[Editor’s Note: With some floor seats selling as high as $860 at Madison Square Garden – and others legally “reselling” as high as $8,155 at the same venue – without any arenas sold out or second nights announced thus far, perhaps a little teaser may have been wise and helpful?]
EDGE: I’ll accept that. Getting back to the collaborator issue, who do you feel — over the years you’ve worked with so many people — who’s pushed you the furthest as an artist, a writer, and a performer? Who challenged you the most?
MADONNA: Well…[long pause]…I would say as a songwriter, working with Toby Gad — he really pushed me a lot. He was constantly questioning my choice of words and sometimes I would get really irritated with him. “Just because I like it, okay? Just leave me alone. The song is finished. Stop.” And then we’d be done and he’d send me an email, What about this one little word? He’d just drive me crazy. I’d be calling him an SS Officer, which he’s clearly not — he’s the sweetest, most lovely guy ever. He really pushed me.
And Diplo really pushed me. As crazy as everybody thinks he is – “he’s a fun party boy,” whatever — he really was particular about lyrics and praising me on my vocal performances. He pushed me a lot, too. Of course I don’t like it, but it served me well on this record.
EDGE: DJ Paulo, who did a remix of “Living For Love” —
MADONNA: Yeah, yeah, he’s amazing!
EDGE: He’s going to be playing at Viva [at Stage 48 at 48th St. & 11th Avenue in Manhattan] in a couple weeks. If you want to go, just let us know. [GROUP LAUGHS]
MADONNA: Is he really? What date?
EDGE: Black Party weekend, which I believe is March 21st, Saturday night?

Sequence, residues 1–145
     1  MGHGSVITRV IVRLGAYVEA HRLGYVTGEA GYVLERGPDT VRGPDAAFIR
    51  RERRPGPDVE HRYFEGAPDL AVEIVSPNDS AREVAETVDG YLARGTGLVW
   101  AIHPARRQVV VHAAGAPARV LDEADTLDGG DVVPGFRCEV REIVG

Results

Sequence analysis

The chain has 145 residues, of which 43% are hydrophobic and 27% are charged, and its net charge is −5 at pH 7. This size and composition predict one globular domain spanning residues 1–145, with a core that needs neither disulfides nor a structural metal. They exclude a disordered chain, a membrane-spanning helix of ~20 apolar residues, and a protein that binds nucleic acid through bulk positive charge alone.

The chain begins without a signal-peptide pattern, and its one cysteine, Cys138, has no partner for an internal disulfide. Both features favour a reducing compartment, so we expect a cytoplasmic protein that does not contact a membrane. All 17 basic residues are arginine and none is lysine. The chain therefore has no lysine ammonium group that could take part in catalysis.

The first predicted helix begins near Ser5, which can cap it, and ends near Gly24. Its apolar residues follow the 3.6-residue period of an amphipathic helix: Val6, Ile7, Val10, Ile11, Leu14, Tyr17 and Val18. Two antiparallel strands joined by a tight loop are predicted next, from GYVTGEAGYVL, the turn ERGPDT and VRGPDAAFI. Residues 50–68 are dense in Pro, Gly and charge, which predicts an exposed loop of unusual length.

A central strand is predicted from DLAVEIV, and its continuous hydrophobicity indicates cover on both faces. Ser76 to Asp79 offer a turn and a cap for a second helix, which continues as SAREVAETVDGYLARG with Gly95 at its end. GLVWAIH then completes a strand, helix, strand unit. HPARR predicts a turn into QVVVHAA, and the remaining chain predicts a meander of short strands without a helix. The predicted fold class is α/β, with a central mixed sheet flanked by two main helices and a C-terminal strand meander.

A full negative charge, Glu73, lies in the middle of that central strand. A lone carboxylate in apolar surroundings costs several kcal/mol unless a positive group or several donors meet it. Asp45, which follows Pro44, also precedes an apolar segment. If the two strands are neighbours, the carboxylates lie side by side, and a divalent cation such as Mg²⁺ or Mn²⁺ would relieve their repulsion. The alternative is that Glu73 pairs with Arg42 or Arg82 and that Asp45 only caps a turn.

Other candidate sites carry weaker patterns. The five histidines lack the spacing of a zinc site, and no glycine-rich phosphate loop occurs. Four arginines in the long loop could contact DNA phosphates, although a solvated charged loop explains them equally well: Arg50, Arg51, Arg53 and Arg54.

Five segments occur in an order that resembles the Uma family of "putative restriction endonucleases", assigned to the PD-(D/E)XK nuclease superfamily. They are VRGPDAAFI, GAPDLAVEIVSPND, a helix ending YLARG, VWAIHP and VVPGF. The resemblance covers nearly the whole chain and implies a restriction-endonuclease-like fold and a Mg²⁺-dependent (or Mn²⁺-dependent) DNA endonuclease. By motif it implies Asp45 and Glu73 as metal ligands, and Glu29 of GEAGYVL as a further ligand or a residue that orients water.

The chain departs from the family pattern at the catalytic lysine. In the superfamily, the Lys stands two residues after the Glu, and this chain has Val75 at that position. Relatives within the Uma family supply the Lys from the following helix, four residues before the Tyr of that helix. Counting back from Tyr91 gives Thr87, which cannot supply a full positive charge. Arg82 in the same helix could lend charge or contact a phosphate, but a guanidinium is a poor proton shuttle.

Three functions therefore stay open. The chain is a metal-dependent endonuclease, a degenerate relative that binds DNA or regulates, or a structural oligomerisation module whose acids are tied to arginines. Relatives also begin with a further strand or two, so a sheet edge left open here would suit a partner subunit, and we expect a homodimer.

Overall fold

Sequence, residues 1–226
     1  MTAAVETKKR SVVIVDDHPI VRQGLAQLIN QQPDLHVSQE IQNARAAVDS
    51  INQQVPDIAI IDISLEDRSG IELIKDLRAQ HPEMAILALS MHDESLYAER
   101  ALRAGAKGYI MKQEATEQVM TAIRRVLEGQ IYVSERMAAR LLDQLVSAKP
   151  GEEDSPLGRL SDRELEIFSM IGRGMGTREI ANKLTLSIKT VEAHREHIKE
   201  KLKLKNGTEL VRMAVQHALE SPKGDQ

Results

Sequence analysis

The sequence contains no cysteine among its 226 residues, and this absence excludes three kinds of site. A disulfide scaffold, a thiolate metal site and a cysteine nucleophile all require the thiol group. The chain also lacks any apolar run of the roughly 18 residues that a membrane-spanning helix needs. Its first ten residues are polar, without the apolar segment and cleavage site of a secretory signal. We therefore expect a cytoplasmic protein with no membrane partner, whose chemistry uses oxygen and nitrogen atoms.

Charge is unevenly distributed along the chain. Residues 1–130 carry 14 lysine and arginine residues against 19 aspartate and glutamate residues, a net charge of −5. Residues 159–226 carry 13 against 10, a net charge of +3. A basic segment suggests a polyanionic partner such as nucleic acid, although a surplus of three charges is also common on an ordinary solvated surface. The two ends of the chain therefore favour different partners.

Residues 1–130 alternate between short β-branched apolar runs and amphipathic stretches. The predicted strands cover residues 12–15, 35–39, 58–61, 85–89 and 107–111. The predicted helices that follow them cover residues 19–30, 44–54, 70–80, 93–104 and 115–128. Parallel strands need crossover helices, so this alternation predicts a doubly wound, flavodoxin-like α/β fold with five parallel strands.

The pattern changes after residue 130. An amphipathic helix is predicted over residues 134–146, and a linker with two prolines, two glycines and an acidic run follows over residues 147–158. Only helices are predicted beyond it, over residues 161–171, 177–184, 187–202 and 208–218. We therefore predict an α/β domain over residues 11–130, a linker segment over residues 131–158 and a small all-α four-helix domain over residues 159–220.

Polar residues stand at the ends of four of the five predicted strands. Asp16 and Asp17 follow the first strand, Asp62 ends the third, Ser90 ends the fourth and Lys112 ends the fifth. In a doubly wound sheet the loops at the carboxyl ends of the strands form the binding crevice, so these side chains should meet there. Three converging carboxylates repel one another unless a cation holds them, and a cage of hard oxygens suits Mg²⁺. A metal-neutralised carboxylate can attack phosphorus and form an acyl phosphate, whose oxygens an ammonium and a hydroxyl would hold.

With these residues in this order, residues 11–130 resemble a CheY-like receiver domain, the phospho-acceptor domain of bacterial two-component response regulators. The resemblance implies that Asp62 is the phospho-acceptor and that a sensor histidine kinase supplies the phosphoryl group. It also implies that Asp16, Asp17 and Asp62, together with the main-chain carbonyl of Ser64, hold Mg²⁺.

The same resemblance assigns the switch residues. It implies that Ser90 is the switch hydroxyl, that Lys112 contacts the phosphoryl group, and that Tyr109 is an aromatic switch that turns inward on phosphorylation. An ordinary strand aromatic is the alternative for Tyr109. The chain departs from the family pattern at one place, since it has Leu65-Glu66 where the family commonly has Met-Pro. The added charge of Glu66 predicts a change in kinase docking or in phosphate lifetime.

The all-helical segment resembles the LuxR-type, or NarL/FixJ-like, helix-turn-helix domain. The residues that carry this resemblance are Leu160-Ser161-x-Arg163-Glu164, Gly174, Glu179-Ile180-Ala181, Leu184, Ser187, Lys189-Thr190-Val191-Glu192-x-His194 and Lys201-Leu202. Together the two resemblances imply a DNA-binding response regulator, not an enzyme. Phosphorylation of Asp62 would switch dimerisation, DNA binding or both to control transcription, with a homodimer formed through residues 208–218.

MADONNA: [To Publicist Liz Rosenberg] Am I here that weekend?
LIZ: Yeah, you may be.
EDGE: He is so amazing live! [The party is produced by] John Blair, who used to do Roxy Saturdays.
MADONNA: Well, [Paulo] better drop “Living For Love” … or I’m not coming! [GROUP LAUGHS]
ROUNDTABLE # 5: Thematically and lyrically, I would say “Rebel Heart” is a lot more self-referential than you’ve been in the past. During the process of the writing and the production, was that something you did maybe intentionally, or was it just part of the process, like you’re looking back on your career now?
MADONNA: I don’t know, is the only answer I can tell you. I didn’t set out to write certain kinds of songs, I just set out to write GOOD songs, and that was the mood I was in and that was what I was channeling. Sometimes I was in nostalgic moods and looking back; sometimes I was in the mood to write a song as I was writing in my journal, and reveal certain parts of myself that I was ready to reveal.
ROUNDTABLE # 5: You’ve talked in interviews about the way you approached this album was that you wanted to go about it in a singer/songwriter approach, and a lot of the songs are like that — without the production, all the [bells & whistles] — you could perform them without all that.
MADONNA: Like when we run out of oil, and then we run out of electricity, I can just light a candle and strum my guitar and sing you a song, yeah.
ROUNDTABLE # 1: I wanted to ask you about one of my favorite songs on the album, “Body Shop” —
ROUNDTABLE # 1: What I love about it is that the method of music is folksy, like you said, and maybe a little bit like a lullaby, but then you listen to the words and they’re —
MADONNA: Sexually provocative.
ROUNDTABE # 1: Was that your intention to contrast the instrumental and music with the lyrics?
MADONNA: No. Again, it just happened. I was working with Toby Gad who spent a lot of time in India, and actually there’s a sitar — the song has a very Indian flavor to it — and I liked the idea: a car — the body of a car — it’s a kind of sexual metaphor — what you do TO a car, what you do IN a car — DRIVE. Lots of innuendos, lots of fun. I mean, we all love a really cute mechanic, right?
ROUNDTABLE # 2: “Body Shop” is also one of my favorite songs. If you were a car, what type of car would you be?
MADONNA: [Long pause] … that’s a good one … I’m probably a Bentley.